Sometimes a pond pump keeps floating to the surface instead of staying at the bottom. A couple of reasons could be causing this to happen.
The first reason your pump might be floating is that it’s too light for the water pressure, causing it to rise to the surface. This means the pump needs some additional weight to keep it down.
You might use a rope to tie some bricks or screw a slab to the pump. The extra weight will help keep it submerged in the water.
You might also anchor the pump to the soil with hooks or stakes.
Another reason that might cause the pump to float is that there’s air trapped inside it. The air would then cause the pump to rise to the surface.
Once again, you can empty the air using the previous method of tilting it and releasing air.
If your pond pump is working but keeps stopping, it might be any of the reasons we previously mentioned. However, a few other issues might cause a pond pump to malfunction.
Most pumps automatically turn off if they overheat. However, if that doesn’t happen when your pump overheats, turn it off manually and give it some time to cool down.
Overhearing may be a result of a clogged pump as well. This also means you should clean the pump to prevent such a problem.
The hose is the part that connects the pump to the pond. If the hose is working out, it may leak water and lower the water pressure.
To fix this problem, unplug the pump and check the hose for any signs of wear or damage. You can try to seal the damages or replace the hose with a new one.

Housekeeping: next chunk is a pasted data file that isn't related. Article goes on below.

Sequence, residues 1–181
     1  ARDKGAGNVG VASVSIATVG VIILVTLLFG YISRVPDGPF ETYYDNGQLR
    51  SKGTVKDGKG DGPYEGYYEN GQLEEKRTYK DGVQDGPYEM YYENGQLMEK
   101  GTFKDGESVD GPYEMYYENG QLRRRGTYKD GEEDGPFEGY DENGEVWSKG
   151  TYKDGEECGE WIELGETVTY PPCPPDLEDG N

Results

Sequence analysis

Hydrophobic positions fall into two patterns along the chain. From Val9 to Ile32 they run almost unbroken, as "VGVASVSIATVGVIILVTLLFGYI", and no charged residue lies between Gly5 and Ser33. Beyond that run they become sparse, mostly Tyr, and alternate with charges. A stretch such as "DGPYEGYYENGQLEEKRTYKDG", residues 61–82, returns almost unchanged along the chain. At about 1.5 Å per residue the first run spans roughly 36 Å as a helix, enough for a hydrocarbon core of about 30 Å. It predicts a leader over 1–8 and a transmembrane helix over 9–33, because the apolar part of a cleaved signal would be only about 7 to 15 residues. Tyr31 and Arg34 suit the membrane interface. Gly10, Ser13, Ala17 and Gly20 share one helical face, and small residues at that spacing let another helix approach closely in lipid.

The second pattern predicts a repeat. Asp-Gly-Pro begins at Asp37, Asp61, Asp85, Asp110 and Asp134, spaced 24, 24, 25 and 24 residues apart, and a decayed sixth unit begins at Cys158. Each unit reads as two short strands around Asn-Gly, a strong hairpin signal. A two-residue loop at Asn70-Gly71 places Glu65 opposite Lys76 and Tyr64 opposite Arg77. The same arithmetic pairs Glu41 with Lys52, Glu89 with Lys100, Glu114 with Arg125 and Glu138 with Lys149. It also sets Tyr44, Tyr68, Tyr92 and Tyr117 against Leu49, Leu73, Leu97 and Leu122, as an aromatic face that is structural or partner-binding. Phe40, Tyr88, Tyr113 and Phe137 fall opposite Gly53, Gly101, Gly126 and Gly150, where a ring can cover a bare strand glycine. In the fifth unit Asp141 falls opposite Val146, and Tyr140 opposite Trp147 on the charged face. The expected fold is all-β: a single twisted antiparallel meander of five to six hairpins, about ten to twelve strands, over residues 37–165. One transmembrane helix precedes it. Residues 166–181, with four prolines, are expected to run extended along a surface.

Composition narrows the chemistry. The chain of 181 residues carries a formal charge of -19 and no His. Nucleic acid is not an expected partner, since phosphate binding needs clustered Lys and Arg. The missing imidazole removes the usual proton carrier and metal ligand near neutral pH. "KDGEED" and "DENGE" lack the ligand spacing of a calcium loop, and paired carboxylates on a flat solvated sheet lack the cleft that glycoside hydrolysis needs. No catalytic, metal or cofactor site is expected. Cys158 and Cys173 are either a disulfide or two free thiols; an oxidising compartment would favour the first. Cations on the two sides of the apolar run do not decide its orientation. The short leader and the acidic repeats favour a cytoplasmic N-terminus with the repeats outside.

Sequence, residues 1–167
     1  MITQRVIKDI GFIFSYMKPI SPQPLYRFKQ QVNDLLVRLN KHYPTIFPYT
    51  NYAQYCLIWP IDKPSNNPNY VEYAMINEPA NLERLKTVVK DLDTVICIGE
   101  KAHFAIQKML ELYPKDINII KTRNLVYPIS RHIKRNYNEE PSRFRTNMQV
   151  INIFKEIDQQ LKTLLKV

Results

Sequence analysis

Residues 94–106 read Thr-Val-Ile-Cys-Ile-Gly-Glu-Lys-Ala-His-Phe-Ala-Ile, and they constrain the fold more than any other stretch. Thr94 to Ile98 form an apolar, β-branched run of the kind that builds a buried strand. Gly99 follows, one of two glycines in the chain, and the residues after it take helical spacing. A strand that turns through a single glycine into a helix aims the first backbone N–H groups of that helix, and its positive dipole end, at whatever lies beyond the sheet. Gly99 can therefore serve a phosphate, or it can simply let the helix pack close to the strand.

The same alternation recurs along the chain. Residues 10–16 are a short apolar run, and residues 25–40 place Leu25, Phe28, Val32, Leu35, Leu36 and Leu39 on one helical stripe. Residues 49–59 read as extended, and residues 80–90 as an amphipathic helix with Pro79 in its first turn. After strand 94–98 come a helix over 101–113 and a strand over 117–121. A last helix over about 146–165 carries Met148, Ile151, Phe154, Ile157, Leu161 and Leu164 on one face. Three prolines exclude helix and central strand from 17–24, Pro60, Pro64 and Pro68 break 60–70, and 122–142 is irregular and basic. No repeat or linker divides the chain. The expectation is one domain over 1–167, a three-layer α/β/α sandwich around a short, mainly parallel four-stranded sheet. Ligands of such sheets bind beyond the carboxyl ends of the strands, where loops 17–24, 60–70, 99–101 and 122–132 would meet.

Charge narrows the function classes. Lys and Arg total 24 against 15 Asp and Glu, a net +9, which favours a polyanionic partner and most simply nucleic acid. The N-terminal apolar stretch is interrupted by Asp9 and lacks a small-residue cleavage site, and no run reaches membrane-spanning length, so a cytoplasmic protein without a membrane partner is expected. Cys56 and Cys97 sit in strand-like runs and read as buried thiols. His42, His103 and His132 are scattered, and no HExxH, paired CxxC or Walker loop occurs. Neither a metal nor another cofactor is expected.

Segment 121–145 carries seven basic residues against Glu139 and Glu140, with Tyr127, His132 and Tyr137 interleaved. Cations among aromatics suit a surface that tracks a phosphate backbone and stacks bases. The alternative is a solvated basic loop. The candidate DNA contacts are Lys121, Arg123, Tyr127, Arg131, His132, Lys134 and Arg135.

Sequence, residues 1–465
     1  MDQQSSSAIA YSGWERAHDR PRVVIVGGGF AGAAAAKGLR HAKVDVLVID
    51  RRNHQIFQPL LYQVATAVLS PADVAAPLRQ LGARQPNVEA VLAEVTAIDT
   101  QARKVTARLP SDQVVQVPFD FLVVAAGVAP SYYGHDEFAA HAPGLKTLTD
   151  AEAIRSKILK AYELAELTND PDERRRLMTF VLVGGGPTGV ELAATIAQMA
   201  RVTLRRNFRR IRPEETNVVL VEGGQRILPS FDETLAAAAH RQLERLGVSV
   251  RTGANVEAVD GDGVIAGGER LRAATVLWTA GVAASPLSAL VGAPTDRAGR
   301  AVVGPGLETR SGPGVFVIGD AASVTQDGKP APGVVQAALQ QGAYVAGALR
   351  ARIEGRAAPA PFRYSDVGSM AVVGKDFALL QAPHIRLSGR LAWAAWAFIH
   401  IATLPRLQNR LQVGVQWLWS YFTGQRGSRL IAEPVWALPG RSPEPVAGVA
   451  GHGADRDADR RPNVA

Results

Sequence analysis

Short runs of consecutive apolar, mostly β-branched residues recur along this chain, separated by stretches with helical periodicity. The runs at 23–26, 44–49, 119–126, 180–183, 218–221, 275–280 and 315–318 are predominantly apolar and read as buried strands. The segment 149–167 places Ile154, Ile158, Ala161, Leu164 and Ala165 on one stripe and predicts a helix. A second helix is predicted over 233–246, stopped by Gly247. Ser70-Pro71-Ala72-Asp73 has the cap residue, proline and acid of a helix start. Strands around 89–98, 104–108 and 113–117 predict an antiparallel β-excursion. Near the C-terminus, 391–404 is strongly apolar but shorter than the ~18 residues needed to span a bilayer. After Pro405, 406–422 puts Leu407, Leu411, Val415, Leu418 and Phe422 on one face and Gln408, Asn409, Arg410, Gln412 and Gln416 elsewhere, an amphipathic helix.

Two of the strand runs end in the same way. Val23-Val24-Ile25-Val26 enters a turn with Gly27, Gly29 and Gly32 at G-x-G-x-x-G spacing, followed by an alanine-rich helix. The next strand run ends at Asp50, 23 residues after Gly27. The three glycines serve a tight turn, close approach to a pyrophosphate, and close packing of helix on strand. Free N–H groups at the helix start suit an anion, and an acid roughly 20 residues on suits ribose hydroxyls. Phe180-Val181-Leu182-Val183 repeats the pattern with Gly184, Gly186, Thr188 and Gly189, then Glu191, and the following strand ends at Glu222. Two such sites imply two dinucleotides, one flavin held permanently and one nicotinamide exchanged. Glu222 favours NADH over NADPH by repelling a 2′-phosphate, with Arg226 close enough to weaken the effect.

The pump’s component that transforms electrical energy into mechanical energy is the motor. It might not function properly, or at all if it’s old or rusty.
This will cause the pump to malfunction. If this is the case, see if the motor is still covered by the manufacturer’s warranty and request a replacement or repair.
The pump might be worn out or has experienced power outages. To resolve this, you have to examine the power source. Put the pump through a multimeter test to check on the electrical circuits.
Moreover, replace damaged components or the entire pump if required.
This is a common question among pond owners. The answer is yes, a pond pump can be too strong for a pond’s shape and dimensions.
A powerful pump can generate excessive water flow and pressure that can lead to issues such as:
- Erosion of the pond’s edges
- Muddy appearance on the water
- Wildlife disturbance
- Increased noise and splashing sounds
- Higher costs and energy consumption
To avoid such problems, pick a pond pump appropriate for your pond’s size and depth. When choosing a pump, it should be able to circulate the entire volume of the pond every two hours.
You can also use a flow control valve to keep the water flowing at your desired level.
Pond pumps are essential for maintaining the cleanliness and beauty of any pond. Sometimes they experience common problems that compromise their durability and performance.
As such, it’s essential to understand these problems and how to fix them, to keep your pump functioning well.
You should also regularly clean the pump and the impeller and check the power supply to maintain the pump. Moreover, you’ve got to select the appropriate pump size for your pond to avoid causing other issues.
Following the tips in this article, you can enjoy a clean pond for many years.
Ben has a bachelor’s degree in construction engineering. When not constructing or remodeling X-Ray Rooms, Cardiovascular Labs, and Pharmacies, you can find him at home with wife and two daughters. Outside of family, He loves grilling and barbequing on his Big Green Egg and Blackstone Griddle, as well as working on projects around the house.